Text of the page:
To date, Salix Finance has supported the Scottish public sector to invest over £63 million in energy efficiency projects which are forecasted to have saved the public sector more than £10 million a year. These projects are contributing towards the Scottish Governments carbon reduction targets as well as improving and modernising facilities for the public.
The Scottish SEELS (Salix Energy Efficiency Loans Scheme) Loan Programme has significantly reduced greenhouse gas emissions in the public sector, seeing investment in a range of energy efficient technologies and substantial financial savings. Glasgow School of Art took out a £1.02m SEELS loan to support the refurbishment of Stow College to accommodate studios for the School of Fine Art. Originally built in the 1930s, the building will showcase adverse space with functionality across four different levels to improve the experience of both staff and students.
Glasgow School of Art took a coordinated approach with Glasgow City Council to integrate a dedicated cycle route infrastructure and facilities as part of the upgrades which include LED lighting, boiler replacement, improved insulation and heat recovery AHUs. The energy efficiency upgrades will be saving Glasgow School of Art an estimated £127,535 a year on fuel bills and an annual CO2e reduction of 514 tonnes, making a significant contribution to the School’s wider plan to enhance the environmental performance of their estate.
A further example is Midlothian Council’s £1.4m project which has been carried out under the Scottish Government’s Non-Domestic Energy Efficiency (NDEE) Framework and was part-funded by Salix. This project spans across an impressive 12 sites, with expected annual savings of £155,673 and 473 tonnes of CO2e. The works completed in 2019 with the project being led by Gordon Pollock, a Project Director from the Council. Gordon has overseen the delivery of reliable, innovative and creative energy conservation measures in order to enhance and upgrade the existing Council infrastructure.
Gordon said, ‘This project, focusing on a whole building approach, will bring substantial carbon savings with payback on financial investment over the lifetime of the properties. The technology upgrades to our properties will also contribute greatly towards new national targets for a net Zero Carbon Future.’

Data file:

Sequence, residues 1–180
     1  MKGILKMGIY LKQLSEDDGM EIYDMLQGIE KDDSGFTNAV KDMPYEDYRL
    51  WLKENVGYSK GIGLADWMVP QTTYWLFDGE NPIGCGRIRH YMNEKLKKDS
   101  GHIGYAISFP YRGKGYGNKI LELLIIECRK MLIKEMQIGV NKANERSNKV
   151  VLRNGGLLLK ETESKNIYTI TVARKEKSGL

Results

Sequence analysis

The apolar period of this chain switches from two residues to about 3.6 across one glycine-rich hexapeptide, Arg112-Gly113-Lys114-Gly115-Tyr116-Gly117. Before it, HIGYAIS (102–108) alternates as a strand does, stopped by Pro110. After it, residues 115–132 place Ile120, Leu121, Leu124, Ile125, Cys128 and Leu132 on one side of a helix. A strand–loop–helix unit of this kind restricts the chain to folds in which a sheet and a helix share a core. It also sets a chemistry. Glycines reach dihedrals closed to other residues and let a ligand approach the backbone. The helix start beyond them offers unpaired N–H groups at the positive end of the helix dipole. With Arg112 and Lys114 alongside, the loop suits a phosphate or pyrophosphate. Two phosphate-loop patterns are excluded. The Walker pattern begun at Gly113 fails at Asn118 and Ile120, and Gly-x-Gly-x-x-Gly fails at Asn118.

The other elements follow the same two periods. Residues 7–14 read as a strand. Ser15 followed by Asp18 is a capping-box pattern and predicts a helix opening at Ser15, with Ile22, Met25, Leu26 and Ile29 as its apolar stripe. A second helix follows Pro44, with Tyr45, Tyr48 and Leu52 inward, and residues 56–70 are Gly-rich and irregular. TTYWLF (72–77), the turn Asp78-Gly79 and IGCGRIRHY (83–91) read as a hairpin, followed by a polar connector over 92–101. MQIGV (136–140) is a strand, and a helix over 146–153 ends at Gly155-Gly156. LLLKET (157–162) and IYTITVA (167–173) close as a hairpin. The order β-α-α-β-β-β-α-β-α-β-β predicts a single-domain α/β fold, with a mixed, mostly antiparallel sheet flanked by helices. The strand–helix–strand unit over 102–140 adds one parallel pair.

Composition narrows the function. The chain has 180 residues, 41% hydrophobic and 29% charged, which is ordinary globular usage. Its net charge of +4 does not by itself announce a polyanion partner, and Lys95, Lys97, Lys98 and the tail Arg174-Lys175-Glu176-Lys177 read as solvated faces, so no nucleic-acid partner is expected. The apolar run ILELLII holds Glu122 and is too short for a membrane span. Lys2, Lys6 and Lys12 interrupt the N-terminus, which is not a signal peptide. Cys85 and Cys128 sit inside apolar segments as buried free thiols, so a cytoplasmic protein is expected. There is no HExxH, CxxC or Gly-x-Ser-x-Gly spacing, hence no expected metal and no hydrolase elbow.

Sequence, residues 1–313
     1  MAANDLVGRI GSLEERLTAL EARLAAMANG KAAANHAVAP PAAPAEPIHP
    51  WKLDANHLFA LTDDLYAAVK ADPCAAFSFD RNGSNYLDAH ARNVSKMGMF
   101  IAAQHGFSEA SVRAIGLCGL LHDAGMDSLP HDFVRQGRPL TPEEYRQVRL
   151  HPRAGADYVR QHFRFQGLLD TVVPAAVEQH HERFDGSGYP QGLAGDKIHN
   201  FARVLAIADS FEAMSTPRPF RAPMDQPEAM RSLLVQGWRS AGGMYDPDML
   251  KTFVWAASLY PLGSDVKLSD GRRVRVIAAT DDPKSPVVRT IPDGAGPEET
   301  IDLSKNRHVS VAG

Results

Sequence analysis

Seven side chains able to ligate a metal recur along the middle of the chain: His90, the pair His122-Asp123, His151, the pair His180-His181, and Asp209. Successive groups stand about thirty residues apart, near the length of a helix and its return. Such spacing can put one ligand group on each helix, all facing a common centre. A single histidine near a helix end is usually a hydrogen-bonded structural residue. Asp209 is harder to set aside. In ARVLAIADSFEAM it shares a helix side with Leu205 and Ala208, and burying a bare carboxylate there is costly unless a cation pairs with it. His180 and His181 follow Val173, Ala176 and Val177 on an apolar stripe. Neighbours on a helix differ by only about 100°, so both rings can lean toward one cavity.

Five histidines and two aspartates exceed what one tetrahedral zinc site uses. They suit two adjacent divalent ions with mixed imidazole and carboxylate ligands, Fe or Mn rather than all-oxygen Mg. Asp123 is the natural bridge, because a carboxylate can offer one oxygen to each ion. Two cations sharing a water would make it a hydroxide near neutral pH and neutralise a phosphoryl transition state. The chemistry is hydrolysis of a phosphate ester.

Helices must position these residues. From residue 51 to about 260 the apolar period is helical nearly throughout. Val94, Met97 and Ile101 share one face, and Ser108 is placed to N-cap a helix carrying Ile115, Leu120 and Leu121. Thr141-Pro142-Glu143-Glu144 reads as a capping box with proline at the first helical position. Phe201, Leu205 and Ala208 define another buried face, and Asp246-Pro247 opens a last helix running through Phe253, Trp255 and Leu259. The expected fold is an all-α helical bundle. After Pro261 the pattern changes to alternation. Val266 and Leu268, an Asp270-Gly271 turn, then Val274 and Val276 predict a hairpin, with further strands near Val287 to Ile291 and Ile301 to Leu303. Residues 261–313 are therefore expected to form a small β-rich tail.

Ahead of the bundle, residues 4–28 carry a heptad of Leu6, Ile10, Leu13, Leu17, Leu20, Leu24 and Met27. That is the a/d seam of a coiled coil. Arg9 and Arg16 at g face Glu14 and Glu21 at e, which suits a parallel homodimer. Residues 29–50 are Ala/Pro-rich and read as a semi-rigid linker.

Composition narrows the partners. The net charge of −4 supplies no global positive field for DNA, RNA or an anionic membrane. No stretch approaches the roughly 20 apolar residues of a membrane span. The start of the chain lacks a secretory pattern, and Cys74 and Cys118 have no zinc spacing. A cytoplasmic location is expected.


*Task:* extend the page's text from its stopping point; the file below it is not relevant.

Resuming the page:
The 10 schools and two leisure centres will benefit from a variety of technologies including lighting and controls, the optimisation of equipment operating schedules, solar PV, variable speed drive installation and optimisation, combined heat and power and pool upgrades. The project will support the community to secure a functional and comfortable environment for respective students and residents.
Scotland’s Recycling Fund Programme has also seen successful re-investments, with continued carbon and financial savings across several key projects. This programme supports public sector bodies in making a long-term investment in energy efficiency to help reduce carbon emissions across their estates.
Edinburgh City Council’s £16,433 BEMS Improvement Works have allowed for the upgrade of several Air Handling Units, enabling the automated speed control of pumps with forecast speed reduction. This has resulted in around £10,088 financial savings and an estimated annual CO2e reduction of 39 tonnes. The project will also allow for a short payback period of just 1.6 years.
Paul Jones, Energy and Sustainability Manager at Edinburgh Council said, ‘The ability to draw down on Salix funding to support energy efficiency works is essential where other funding streams are unavailable. In this instance, we were able to fund required mechanical alterations and the installation of pressure sensors to bring heating and cooling pumps under variable speed control in one of our main office buildings.’
The Highland Council are another great example of a public sector body that has secured an interest-free loan from Salix Finance to invest in energy efficiency measures across the Council estate. The £3.5m loan, which is the largest Salix has awarded in Scotland, match-funds the Council’s self-financing investments in energy efficiency to create a £7 million Energy Efficiency Fund. The Fund is ring-fenced for investment in projects that will reduce the Council’s energy spend and carbon emissions. This will include switching internal and external building lights to efficient LED lighting, installing Solar Photovoltaics, and upgrading inefficient oil boiler systems.
Glasgow University were also able to fund their £108,780 Plant Growth Chamber LED Project through Salix, with an annual CO2e reduction of around 42 tonnes and financial savings of £14,239. Through the supply of new mobile racking systems in five existing plant growth rooms and the incorporation of specialist LED lamps into both single and double chambers, the university has been able to improve the efficiency of their existing system.
Gillian Brown, Estates Manager at Glasgow University said, “The Estates and Commercial services team were excited to work alongside specialist technical college staff to develop a sustainable and future looking system which contributes to our carbon reduction targets. Upgrading these plant chambers has allow researchers and students to expand the work streams they currently investigate into new and exciting areas of research”
Salix’s Scotland Team are continuing to work with clients to receive new applications and are keen to work with public sector organisations as they develop and deliver on their carbon management plans. A new programme, Universities For The Future, in partnership with the SFC and available to all Scottish universities, will be launching soon, with applications now open. Please click here to find out more.